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Sunday, 05 February 2012 20:59

Broad Town - The OPC is Luisha White

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Broad Town - Christchurch Broad Town - Christchurch

Broad Town Photo Gallery

Contiguous Parishes (our neighbours)

Broad Hinton - Cliffe Pypard - Lydiard Tregoze - Wootton Bassett - Wroughton

 

Websites

GenUKI  - For information relating to Broad Town
University of Leicester's - Website for historical Wiltshire directories
Wiltshire & Swindon History Centre - The Wiltshire County Archives for all historical documents and the place to obtain original copies
Wiltshire Community History - Historical information for parishes within the Wiltshire County jurisdiction.
Register of One-Place Studies - Broad Town Entry

 

The Parish Church of Christchurch

Parish Registers held at WSHC

Baptisms 1847-1924
Marriages 1847-1999
Burials 1847-1979

 

Parish History

Civil Registration

1837 - Present Marlborough Registration District

 

Buildings and Land

Enclosure Award 1822          Owners of Land 1873

Maps

Ordnance Surveyor's Drawings 1818               Ordnance Surveyor's Drawing North Wilts 1826

 

Crime and Legal Matters

Bigamy

Bigamy and First Wife Knew 1944

 

Directories

Post Office Directory 1855                Post Office 1875                Kellys 1911                  Kellys 1915                 Swindon & District 1928

 

Education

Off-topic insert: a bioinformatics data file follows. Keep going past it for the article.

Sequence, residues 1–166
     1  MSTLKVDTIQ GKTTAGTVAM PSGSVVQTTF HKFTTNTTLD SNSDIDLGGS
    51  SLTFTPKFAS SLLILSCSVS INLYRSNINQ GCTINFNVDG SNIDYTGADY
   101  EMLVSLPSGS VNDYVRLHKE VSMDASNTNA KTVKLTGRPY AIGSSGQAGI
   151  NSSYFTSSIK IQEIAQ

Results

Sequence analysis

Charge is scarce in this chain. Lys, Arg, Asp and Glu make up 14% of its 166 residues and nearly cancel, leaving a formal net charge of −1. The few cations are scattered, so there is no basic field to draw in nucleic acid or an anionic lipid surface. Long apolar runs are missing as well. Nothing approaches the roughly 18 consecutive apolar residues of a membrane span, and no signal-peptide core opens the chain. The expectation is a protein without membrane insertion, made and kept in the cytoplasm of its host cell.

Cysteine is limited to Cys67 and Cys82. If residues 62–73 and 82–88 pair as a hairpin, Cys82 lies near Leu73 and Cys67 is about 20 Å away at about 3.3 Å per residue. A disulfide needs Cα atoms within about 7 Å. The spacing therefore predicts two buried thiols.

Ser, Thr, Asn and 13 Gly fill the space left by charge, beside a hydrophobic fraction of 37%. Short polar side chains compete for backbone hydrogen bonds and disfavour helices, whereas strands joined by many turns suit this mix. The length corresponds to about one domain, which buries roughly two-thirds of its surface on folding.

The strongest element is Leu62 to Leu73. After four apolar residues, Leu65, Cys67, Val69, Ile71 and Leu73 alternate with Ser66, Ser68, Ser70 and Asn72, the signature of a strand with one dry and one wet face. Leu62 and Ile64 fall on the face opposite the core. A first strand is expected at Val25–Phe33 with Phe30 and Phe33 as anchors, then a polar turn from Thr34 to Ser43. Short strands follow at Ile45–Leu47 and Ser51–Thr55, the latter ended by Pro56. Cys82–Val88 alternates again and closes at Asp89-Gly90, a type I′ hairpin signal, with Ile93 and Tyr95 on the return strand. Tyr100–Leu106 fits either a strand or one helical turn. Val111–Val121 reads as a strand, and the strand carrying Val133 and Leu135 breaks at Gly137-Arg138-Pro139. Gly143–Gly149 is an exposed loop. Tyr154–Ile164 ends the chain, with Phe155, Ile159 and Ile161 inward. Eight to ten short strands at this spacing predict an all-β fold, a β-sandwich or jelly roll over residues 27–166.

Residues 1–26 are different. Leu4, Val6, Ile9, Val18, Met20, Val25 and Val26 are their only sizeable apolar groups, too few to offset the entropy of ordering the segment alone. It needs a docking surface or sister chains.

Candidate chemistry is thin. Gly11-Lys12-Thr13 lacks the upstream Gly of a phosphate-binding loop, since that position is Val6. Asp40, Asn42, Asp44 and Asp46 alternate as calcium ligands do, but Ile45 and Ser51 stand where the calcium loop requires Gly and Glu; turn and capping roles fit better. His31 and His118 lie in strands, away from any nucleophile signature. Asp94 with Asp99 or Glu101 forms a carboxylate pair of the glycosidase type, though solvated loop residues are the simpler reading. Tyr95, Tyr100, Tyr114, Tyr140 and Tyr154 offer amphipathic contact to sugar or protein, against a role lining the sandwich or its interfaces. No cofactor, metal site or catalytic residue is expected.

Emigration and Migration

Strays Index

 

Employment and Business

 

Miscellaneous Documents

 

Non Conformity and Other Places of Worship

Primitive Methodist Chapel
Wesleyan Methodist Chapel

 

People and Parish Notables

Associations, Clubs, Organisations and Societies

Wiltshire Friendly Society Membership 1837-1871                                                                  

Census Returns Transcripts

1851 

Coroners Bills and Inquest Reports

County coroners were introduced in England in around 1194 once established other boroughs and liberties sought the right to have their own coroner.  Often in Medieval times the coroner also assumed the role of the sheriff and his duties weren't limited to holding inquests on dead bodies although almost a full time post they were unpaid for the duties apart from those that were deemed murder of manslaughter when they would receive 13s. 4d.   From the 24th June 1752 a law was passed allowing the coroner to claim £1 for every inquest they attended not held in a gaol and also to claim 9d per mile travel allowance from the place of residence.  Inquests held in any gaol were performed at a rate totalling no more than £1.  These costs were to be paid from the county rates.  In cases of homicide the coroner also received the former fee of 13s. 4d.  The coroners submitted their bills at the quarter session sittings for approval.  Coroners Bills 1752-1796

Elections, Polls and Voting Lists

MP Nominations 2015          MP Nominations 2017

Family Notices

1850-1899

Parish Notables

Jane Grigson - Cookery Writer

Uncategorised Items

Secrets of Farming Book Subscribers 1863

 

Poor Law, Charity and The Workhouse

Public Assistance Administration 1948

 

Probate

National Probate Index 1858-1966

Inquisitions Post Mortem of Lands Held

John Hungerford 1636

 

War, Conflict and Military Matters

Why the Poppy               Servicemen & Families with the 1st Wilts. Regt. in South Africa 1911                  Diocese of Salisbury Memorial Book 1914-1918

 

 

Read 2912 times Last modified on Tuesday, 19 September 2017 22:55

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